Thursday, June 14

Sirenz Back in Fashion by Charlotte Bennardo and Natalie Zaman

Meg and Shar think they're done being sirens...until they accidentally revive their contract with Hades. Now the Greek god has a new set of rules for them to abide.

With Shar pulled down to Tartarus to ten to Hades' amusement and clean after his gigantic hound, Meg must lure another target to the underworld - Pauline, a girl far more in sync with Meg's tastes than Shar.

Can Meg bring herself to deliver Pauline to Hades? Can Shar find a way to escape his clutches?

I found this book to me more addictive than the first. Tartarus was more alluring to me than the fashion world of 'Sirenz.' I loved to see all the new gods, demi-gods and historical figured that cropped up.

Sharisse is now decidedly my favourite siren. While I love Meg, Shar just had an extra oomph to her in the sequel. Perhaps it was the juxtaposition of her in a place like Tartarus. She fit in too well in the fashion world of 'Sirenz.'

Hades is a lot less skeevy than in the first book. I wouldn't call him sympathetic but his wit can be marvelous. It was fun to see him exasperated. He's described as having auburn hair (something I didn't pick up on in 'Sirenz') although he is illustrated on the back cover as having black hair.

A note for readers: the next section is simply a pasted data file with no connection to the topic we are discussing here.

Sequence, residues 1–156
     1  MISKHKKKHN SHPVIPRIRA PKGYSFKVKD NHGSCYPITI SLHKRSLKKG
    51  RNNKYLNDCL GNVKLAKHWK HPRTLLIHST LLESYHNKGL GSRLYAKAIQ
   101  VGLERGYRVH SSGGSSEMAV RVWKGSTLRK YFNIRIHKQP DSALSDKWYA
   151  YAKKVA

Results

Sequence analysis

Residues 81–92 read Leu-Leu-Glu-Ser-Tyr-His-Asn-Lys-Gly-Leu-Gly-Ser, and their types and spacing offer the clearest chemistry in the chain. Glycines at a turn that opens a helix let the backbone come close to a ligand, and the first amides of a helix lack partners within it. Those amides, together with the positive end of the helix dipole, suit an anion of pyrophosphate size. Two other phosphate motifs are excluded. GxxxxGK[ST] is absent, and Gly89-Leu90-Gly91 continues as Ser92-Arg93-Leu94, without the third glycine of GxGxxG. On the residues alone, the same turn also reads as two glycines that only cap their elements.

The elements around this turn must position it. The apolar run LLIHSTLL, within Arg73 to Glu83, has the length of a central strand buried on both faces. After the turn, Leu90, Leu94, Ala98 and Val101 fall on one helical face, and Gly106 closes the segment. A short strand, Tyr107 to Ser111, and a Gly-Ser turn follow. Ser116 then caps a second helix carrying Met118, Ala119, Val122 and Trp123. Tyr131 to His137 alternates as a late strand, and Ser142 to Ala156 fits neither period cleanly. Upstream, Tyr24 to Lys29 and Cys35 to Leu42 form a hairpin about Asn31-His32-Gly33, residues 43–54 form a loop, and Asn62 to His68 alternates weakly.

The cover of this book is divine. I thought at first it was going to be an offensive shade of dark pink but it proved to be soft and mixed in with purple. Not to mention, Shar and Meg look amazing.

I was drawn to Pauline's character the way Meg was. Having her be annoying and irritable would have been too easy. She provided great inner conflict for Meg.

I really enjoyed 'Sirenz Back in Fashion' and can't wait to read more about Meg and Shar, along with their ever growing pantheon of gods.

In accordance with the FTC, Quill Café would like to disclose that the reviewer received this book from the author. The opinions expressed are hers alone and no monetary compensation was offered to her by the author or publisher. Cover art is copyright of Flux and is used solely as an aide to the review.

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